|> where(user_id: [in: [1, 2, 3]])
|> limit(10)
|> allow_filtering  # you can allow filtering on any query
|> User.all

Select user with email someone@gmail.com

UserByEmail
|> select([:display_name])
|> where(email: "someone@gmail.com")
|> User.one

Comparison / Range Queries

Select messages created before timestamp

MessagesByDate
|> select([:message_id, :text])
|> where(channel_id: 1, created: ["<=": timestamp])
|> limit(20)
|> MessagesByDate.all

Select messages created between timestamp_a and timestamp_b

MessagesByDate
|> select([:message_id, :text])
|> where(channel_id: 1, created: [">=": timestamp_a], created: [<: timestamp_b])
|> MessagesByDate.all

Streaming

Stream all messages

MessagesByDate
|> select(:all)
|> where(channel_id: 1)
|> MessagesByDate.stream(page_size: 20)

Which returns {:ok, stream} or {:error, msg}

Inserting, Updating, & Deleting

Again, lets import Triton.Query for the necessary macros.

alias Schema.User
import Triton.Query

Add a user (if it doesn't already exist) with username username using a prepared statement that substitutes user_id into :user_id

User
|> prepared(user_id: user_id, username: username)
|> insert(user_id: :user_id, username: :username)
|> if_not_exists
|> User.save

Update a user's username, and make sure to check that their previous username was what we expected.

User
|> update(username: username)
|> where(user_id: user_id)
|> constrain(username: previous_username)
|> User.save

Lets delete a user given a user_id

User
|> prepared(user_id: user_id)
|> delete(:all)  # here :all refers to all fields
|> where(user_id: :user_id)
|> User.del

Lets delete that same user, with consistency: :quorum

User
|> prepared(user_id: user_id)
|> delete(:all)  # here :all refers to all fields
|> where(user_id: :user_id)
|> User.del(consistency: :quorum)

Batch update 4 users in 1 Cassandra request.

[
  User |> update(username: "username1") |> where(user_id: 1),
  User |> update(username: "username2") |> where(user_id: 2),
  User |> update(username: "username3") |> where(user_id: 3),
  User |> update(username: "username4") |> where(user_id: 4)
] |> User.batch_execute

Working with Collections

Update the notifications map to {'mentions': '3', 'replies': '3'}. Overwrites the entire map.

User
|> update(notifications: "{'mentions': '5', 'replies': '3'}")
|> where(user_id: 10)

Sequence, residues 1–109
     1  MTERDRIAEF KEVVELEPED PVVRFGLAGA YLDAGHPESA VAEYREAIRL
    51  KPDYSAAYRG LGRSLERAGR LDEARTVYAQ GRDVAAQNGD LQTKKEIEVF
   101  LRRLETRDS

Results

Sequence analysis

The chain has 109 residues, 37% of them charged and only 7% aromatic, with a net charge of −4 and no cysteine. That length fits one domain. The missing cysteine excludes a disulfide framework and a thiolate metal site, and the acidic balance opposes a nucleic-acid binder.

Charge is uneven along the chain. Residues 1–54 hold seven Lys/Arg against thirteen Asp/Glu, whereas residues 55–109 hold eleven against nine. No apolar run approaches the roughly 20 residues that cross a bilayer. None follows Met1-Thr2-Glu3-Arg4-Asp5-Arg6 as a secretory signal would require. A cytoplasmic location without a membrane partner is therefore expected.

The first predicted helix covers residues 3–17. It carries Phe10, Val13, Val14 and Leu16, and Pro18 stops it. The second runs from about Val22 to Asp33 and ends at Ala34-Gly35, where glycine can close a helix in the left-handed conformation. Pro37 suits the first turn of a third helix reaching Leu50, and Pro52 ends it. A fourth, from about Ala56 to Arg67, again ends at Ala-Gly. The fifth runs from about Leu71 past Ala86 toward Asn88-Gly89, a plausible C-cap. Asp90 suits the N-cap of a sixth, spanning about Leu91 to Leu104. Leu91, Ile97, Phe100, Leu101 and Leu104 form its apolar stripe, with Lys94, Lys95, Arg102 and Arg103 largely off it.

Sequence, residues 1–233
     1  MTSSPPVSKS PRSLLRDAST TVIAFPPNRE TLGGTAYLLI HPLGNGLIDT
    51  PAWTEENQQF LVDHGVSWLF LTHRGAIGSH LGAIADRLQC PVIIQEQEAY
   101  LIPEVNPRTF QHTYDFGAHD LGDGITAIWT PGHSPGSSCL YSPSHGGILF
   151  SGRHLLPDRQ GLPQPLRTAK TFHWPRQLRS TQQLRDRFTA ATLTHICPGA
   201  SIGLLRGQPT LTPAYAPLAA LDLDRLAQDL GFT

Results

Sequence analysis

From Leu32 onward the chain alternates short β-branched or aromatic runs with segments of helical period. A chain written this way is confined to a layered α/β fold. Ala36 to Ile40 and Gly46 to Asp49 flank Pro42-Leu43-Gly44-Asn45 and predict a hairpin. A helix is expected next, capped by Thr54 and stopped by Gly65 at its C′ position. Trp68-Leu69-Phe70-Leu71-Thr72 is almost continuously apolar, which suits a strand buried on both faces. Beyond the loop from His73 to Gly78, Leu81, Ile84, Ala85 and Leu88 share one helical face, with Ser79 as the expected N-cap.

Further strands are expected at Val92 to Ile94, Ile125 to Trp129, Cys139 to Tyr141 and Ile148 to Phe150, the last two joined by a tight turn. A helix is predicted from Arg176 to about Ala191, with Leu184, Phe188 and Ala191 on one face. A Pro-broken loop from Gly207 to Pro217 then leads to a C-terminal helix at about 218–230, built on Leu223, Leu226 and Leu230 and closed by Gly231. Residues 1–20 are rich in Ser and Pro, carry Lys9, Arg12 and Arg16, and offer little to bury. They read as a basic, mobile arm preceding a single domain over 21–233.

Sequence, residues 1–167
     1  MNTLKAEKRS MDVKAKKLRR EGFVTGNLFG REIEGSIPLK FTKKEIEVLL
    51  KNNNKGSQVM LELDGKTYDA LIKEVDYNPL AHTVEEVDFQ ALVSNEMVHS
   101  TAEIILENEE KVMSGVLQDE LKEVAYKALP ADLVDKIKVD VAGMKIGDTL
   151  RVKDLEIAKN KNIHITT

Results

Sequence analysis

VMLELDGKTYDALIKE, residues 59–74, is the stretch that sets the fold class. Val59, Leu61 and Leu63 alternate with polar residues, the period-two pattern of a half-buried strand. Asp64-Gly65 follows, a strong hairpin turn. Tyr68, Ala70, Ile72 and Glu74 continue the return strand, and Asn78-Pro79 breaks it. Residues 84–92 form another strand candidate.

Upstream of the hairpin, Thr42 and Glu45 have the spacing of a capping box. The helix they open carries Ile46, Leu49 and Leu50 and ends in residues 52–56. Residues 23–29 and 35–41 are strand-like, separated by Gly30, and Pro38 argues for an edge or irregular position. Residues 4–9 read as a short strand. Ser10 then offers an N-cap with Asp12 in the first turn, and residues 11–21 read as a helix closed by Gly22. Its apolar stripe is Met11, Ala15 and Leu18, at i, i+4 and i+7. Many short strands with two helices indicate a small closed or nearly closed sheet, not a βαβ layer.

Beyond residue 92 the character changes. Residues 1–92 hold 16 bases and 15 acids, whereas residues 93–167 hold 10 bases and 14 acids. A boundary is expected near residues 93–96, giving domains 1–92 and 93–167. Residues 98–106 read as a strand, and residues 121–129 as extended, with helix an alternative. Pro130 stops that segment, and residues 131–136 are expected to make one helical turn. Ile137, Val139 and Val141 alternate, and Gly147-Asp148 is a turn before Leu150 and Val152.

|> User.save

Update notification mentions to '5'.

User
|> update("notifications['mentions']": "5")
|> where(user_id: 10)
|> User.save

Update the friends set

User
|> update(friends: "{'jill', 'bob', 'emma'}")
|> where(user_id: 10)
|> User.save

Add a friend_id to friends set

User
|> update(friends: "friends + {'oscar'}")
|> where(user_id: 10)
|> User.save

Remove friend from set

User
|> update(friends: "friends - {'oscar'}")
|> where(user_id: 10)
|> User.save

Update the posts list

User
|> update(posts: "['post1', 'post2', 'post3']")
|> where(user_id: 10)
|> User.save

Append to posts list

User
|> update(posts: "posts + ['post4']")
|> where(user_id: 10)
|> User.save

Prepend to posts list

User
|> update(posts: "['post0'] + posts")
|> where(user_id: 10)
|> User.save

Pre-populating data

You can pre-populate data with Triton at compile time with Triton.Setup

defmodule PrepopulateModule do
  use Triton.Setup
  import Triton.Query
  require Schema.User
  alias Schema.User

  # create an admin user if it doesn't exist

  setup do
    User
    |> insert(
      user_id: @admin_user_id,
      username: @admin_user_username,
      display_name: @admin_user_display_name,
      password: Bcrypt.hashpwsalt(@admin_user_password),
      email: @admin_user_email,
      created: @admin_user_created
    ) |> if_not_exists
  end
end

Automatic Schema Creation

Triton attempts to create your keyspace, tables, and materialized views after compile if they do not exist.

This means that your build server will need access to your production DB if you want to automatically create your schema in prod. The alternative is simply to create your production schemas yourself.

Consistency levels

For dev, you may want to consider running ccm with more than 1 node if you are doing queries at anything more than consistency: :one.